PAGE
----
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Living in Italy for a year budget question

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Dec 16th, 2011, 03:04 AM
  #1
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Living in Italy for a year budget question

Hi,

A dream of mine has always been to live in Italy at least for year (for which I have been saving up).

Considering I would be more than happy with very modest accomodation (no dolce vita clichés are among my goals), how much would you need to live in Italy for a year?

I have an italian passport and speak Italian, so finding a job or studying is a goal. However, I think I have saved enough not to go crazy because "I cannot find a job!".

I know it would depend on the area. My main interests are Salento, Sicily, Turin or Trieste.

Thanks,

Orlando
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Dec 16th, 2011, 03:26 AM
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What currency will you be exchanging? Over the coming year, the valuation of the euro may significantly change (or disappear entirely). Economic forecasts for a very strong depression could dramatically lower the costs of rentals. Finding a job will be almost an insuperable task.

South is cheaper than north, and Trieste is cheaper than Torino. If you are willing to live with others, it is cheaper than trying to find independent accommodation. If you speak Italian, you research online the cost of a rental in all the places you listed.

The costs of food and clothing can be kept quite low. That's entirely up to you.

If you live in Italy for a year, you will be considered a taxable resident and will need to file appropriate documents even if you don't owe any taxes, so make sure you understand the requirements.
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Dec 16th, 2011, 02:40 PM
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Dollars into Euros. I am an English/Spanish teacher; that's the job I would try to find. I am aware that teaching is underpaid everywhere. I hadn't thought about taxes. Thanks for bringing that up.

I have been to the places I've mentioned except for Apulia. I am just looking forward to have the experience. I am not looking to settle down in Italy.

Thanks for your input,

Orlando
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Dec 16th, 2011, 03:30 PM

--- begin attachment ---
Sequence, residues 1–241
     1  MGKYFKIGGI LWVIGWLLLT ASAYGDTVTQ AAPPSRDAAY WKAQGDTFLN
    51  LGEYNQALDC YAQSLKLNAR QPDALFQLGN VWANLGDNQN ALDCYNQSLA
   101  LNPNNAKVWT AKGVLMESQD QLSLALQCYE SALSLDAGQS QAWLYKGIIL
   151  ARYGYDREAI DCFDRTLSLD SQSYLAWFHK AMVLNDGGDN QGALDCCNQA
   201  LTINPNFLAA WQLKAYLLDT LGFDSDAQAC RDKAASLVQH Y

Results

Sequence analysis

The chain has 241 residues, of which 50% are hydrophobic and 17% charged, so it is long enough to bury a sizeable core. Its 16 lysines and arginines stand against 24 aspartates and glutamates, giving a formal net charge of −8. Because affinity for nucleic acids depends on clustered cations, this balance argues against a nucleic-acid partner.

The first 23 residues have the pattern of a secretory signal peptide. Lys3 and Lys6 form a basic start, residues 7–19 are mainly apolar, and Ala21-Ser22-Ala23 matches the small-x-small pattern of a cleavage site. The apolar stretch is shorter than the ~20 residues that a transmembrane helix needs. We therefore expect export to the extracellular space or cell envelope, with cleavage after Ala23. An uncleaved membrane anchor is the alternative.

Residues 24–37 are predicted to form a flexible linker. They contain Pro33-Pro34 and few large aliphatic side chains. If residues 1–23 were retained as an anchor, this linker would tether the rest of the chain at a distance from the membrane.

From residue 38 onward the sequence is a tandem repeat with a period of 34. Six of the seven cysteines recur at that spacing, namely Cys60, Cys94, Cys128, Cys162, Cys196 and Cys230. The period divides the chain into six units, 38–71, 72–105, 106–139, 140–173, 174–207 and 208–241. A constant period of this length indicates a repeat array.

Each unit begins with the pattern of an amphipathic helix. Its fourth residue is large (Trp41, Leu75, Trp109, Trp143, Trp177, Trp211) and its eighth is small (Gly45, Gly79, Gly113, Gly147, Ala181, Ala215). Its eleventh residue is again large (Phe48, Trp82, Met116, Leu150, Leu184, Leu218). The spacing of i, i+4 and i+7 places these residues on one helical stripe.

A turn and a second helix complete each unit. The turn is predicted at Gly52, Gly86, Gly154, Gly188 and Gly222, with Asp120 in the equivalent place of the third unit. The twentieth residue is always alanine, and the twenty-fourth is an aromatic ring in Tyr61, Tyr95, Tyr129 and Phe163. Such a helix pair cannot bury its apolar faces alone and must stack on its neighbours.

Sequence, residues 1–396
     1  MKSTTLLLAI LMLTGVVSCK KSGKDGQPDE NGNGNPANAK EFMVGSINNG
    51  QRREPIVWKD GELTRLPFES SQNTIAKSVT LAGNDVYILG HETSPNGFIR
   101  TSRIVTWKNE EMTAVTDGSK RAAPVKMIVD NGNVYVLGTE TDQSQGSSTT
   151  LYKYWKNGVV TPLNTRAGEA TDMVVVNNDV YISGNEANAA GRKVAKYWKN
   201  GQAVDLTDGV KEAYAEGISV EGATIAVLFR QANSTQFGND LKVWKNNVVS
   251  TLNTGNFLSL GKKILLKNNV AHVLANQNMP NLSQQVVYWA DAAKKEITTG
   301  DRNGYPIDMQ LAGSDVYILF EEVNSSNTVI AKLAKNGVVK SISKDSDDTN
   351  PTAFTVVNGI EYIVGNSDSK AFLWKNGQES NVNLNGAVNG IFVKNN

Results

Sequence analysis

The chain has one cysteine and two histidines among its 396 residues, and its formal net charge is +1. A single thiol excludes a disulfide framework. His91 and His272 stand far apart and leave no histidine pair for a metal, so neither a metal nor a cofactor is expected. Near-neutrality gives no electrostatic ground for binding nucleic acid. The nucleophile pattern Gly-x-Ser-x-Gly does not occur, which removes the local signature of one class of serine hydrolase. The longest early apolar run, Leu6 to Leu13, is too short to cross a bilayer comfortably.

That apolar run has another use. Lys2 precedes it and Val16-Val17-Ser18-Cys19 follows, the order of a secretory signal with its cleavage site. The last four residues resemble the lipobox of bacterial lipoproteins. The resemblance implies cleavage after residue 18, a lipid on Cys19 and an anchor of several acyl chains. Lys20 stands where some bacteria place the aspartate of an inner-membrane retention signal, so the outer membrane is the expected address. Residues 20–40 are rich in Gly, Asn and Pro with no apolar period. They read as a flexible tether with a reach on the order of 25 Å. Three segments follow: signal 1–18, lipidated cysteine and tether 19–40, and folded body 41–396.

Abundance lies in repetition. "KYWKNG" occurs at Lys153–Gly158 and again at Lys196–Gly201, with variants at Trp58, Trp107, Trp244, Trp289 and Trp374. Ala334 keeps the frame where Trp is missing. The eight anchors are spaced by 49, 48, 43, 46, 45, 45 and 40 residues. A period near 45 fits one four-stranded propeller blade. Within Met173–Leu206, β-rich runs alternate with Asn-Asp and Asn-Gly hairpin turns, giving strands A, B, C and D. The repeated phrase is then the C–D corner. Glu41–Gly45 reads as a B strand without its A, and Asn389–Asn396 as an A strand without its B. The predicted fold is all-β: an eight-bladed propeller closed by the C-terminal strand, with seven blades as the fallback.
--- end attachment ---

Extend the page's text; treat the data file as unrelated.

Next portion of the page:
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It's not just that teaching is underpaid. The economic situation in Italy is such that it hard for anyone to have a job. Also, the terms of your year-long visa may not allow you to look for work. It depends on what kind of a visa you get. Obtaining a student visa would be the easiest. Getting a work visa would be the most difficult, and probably only possible if you have arranged ahead of time for employment. In general, jobs are more plentiful in northern Italy than in southern Italy.

At this point in time, it is very hard to predict what circumstances will be in Italy regarding the euro or the European Union, and therefore the cost of living or what type of visa you will need. A clearer picture will probably have emerged by March, or perhaps sooner.
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Dec 16th, 2011, 03:33 PM
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PS: Just to be clear: Ordinarily people who have student visas are not legally allowed to use that visa to stay and obtain work.
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Dec 16th, 2011, 03:43 PM
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Thanks for your reply, Zeppole.

I am an italian citizen. Of course, I know that being an italian citizen doesn't mean that jobs are waiting for me, but, at least, I don't have to worry about having a visa.

Thanks again,

Orlando
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Dec 16th, 2011, 05:22 PM
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There's a demand for native English speakers as teachers of English as a second language, but they're not terribly well paid. There will be more opportunities in larger centers than in smaller ones.
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Dec 17th, 2011, 04:02 PM
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Orlando,

Yes -- sorry. I overlooked that you have an Italian passport. Good luck with your plans!
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Dec 18th, 2011, 03:34 AM
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PS:

It occurred to me to add that you will also need to factor into your living expenses the costs of basic utilities -- electricity, water, gas, internet connection -- since renters very often pay them directly instead of their landords. And no doubt you will want a cellphone. These things can be more expensive in Italy than they c are in other countries. You might want to ask about the typical costs for a single renter over on the LifeInItaly forum.

http://www.lifeinitaly.com/forum/forum.php

Also, I did a little Googling, and came up with this website of a professional language school and its advice for those seeking to teach in Italy:

"How is the job market for teachers in Italy?

"(Updated August 2011) Smaller towns often have more open positions for English teachers than qualified applicants to fill them, and even in larger towns and cities a qualified, reasonably experienced teacher with all papers in order will have no problem finding a job. Larger cities normally have a very large potential pool of 'teachers', but many of these are occasional teachers/housewives, foreign students, babysitters, or bilingual Italian students. A common, and normally successful, route to finding a job is to move to Italy and then start looking... The corporate market has very noticeably shrunk, and so there are fewer in-company teaching positions available, especially in the big commercial cities.